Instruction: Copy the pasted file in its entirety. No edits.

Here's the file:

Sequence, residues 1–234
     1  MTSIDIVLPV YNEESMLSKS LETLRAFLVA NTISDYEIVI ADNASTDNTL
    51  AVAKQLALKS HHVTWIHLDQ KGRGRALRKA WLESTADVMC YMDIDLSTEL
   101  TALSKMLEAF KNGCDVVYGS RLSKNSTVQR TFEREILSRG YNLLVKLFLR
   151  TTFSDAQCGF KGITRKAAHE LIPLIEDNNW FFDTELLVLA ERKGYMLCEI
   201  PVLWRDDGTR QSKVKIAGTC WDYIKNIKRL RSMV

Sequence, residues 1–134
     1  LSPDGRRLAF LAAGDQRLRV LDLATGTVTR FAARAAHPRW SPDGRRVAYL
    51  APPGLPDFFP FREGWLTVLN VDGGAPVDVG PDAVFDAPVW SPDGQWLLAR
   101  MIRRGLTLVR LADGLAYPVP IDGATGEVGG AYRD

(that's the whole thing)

Sequence, residues 1–234
     1  MTSIDIVLPV YNEESMLSKS LETLRAFLVA NTISDYEIVI ADNASTDNTL
    51  AVAKQLALKS HHVTWIHLDQ KGRGRALRKA WLESTADVMC YMDIDLSTEL
   101  TALSKMLEAF KNGCDVVYGS RLSKNSTVQR TFEREILSRG YNLLVKLFLR
   151  TTFSDAQCGF KGITRKAAHE LIPLIEDNNW FFDTELLVLA ERKGYMLCEI
   201  PVLWRDDGTR QSKVKIAGTC WDYIKNIKRL RSMV

Sequence, residues 1–134
     1  LSPDGRRLAF LAAGDQRLRV LDLATGTVTR FAARAAHPRW SPDGRRVAYL
    51  APPGLPDFFP FREGWLTVLN VDGGAPVDVG PDAVFDAPVW SPDGQWLLAR
   101  MIRRGLTLVR LADGLAYPVP IDGATGEVGG AYRD